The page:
Harry Potter and the Chamber of Secrets
The little-known art house film Harry Potter and the Sorcerer's Stone was bound to produce a sequel or seven. Luckily, the filmmakers had a ready source of material, thanks to obscure author J.K. Rowling, who kept additional novels secured in a shoebox where no one could ever read them.
Okay, not quite.
These films were box office beasts from the start, and Harry Potter and the Chamber of Secrets looked to continue the trend. Like she did with the first flick, Rowling stuck her nose where it belonged and made sure the filmmakers kept as close to the book as they could. But as Rowling's books got longer and holy-moly-that's-long-er, things were bound to change.
What's the Same
Director Chris Columbus bent over backwards to get all the details straight on this one. Harry (Daniel Radcliffe) returns to Hogwarts to face the mystery of the Chamber of Secrets, and all the action that goes down ends up making a difference down the road. That's why our explorer-director made sure to include plot points like the whole Tom-Riddle's-diary-is-a-horcrux fiasco and the scandalous Ginny-hearts-Harry drama.
And it's not just plot devices we're talking about; Rowling's bigger-picture themes and characterizations make their way into the movie, too. This lady wasn't a big fan of authority, apparently: the book takes plenty of digs at pompous teachers like Gilderoy Lockhart (Kenneth Branagh), a self-important blowhard whose magic skills are sub-par, to put it lightly. And sure enough, he shows up in the movie in full-bore nitwit mode, demonstrating perfectly how some teachers just don't know what they're talking about. (Not all—we promise.)
Rowling also delves into all those petty human evils like prejudice and misunderstanding. "Mudbloods," anyone? Malfoy (Tom Felton) throws that word at Hermione (Emma Watson) because he's a big jerk—in book and movie alike. By maintaining all that jazz in the movie, Chris Columbus has prevented the Wrath of Fandom from falling on him, his children, and his grandchildren.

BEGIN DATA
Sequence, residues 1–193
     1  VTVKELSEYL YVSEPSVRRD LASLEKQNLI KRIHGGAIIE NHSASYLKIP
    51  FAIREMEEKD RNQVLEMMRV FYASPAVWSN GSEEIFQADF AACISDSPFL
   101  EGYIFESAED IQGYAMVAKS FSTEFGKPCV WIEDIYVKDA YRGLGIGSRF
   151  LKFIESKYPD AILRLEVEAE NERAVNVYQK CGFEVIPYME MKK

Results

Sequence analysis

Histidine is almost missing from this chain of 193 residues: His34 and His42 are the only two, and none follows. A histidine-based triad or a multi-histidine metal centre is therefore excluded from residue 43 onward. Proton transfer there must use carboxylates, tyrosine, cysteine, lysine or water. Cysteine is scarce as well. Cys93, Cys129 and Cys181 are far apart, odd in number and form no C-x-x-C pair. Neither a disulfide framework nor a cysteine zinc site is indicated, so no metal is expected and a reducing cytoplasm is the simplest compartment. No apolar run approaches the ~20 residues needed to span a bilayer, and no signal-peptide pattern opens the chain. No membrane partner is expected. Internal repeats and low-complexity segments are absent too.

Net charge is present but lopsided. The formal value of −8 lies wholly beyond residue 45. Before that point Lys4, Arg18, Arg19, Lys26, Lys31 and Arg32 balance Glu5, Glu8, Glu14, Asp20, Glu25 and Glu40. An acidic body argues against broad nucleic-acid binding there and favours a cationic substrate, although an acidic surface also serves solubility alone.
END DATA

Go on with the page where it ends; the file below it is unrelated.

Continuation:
Like any movie adaptation of a giant-cockroach-crushing sized book, running time is of the essence. The book had the chance to slow down and explore all the cool corners of Hogwarts. (We want to go to there.) The movie, on the other hand, has to move things along, lest the non-Potter fans grow bored and start a riot in the lobby.
The result? Tons of scenes and subplots get cheerfully chucked under the bus. While it doesn't affect the main storyline or any of the primary themes, we're left with a less buttery and chocolatey chocolate chip cookie. Some examples: Peeves the troublemaking poltergeist is MIA, as are less important beasties like the gnomes in the Weasley's garden.
Speaking of everyone's favorite red-headed family (sorry, Jefferson), the Weasley's don't get as much screen time in the movie as they do in the book. Twins Fred and George basically act as walking scenery, and while little sister Ginny plays a key part in the plot, her freaky-deaky book version stuff is kicked to the curb. That means she seems to come out of nowhere at the end when Tom Riddle kidnaps her—kind of takes away the whole slow-build-up part of it.
Ginny's not alone in her movie snub. How about Dobby the Elf (voiced by Toby Jones)? This little guy tries to save our hero—and almost kills him—more than once, but we only get a sliver of the Dobby cake in the movie. We don't get to know Dobby's disturbing masochism quite as much, either. Though to be fair, we're not sure we want to see that on screen anyway.
Life at Hogwart's naturally loses out in the book-to-movie transition, too. Remember the dueling scene? Well, the movie focuses on Harry and Malfoy, instead of showing us the whole range of duel-fightin' kids. School dances, class sessions, and other mundane events (Hogwart's mundane, that is) also get left behind. Bottom line: so much goes down in the book that flavor and atmosphere sometimes have to get passed up in favor of story, story, story.
But wait—there's one last thing. Most of the Harry Potter films don't even dare to add material to the already thick-as-a-brick book they're based on, but Chamber of Secrets makes an exception. You might remember that the final battle with the Basilisk is pretty concise in the book. In the movie, though? Not so much. Columbus spices it up with a boatload of whiz-bang special effects. And it's probably a good call, since, you know, the people want action.
So people, Shmoopers, acclaimed movie-critics: what did you think? Shmoop amongst yourselves.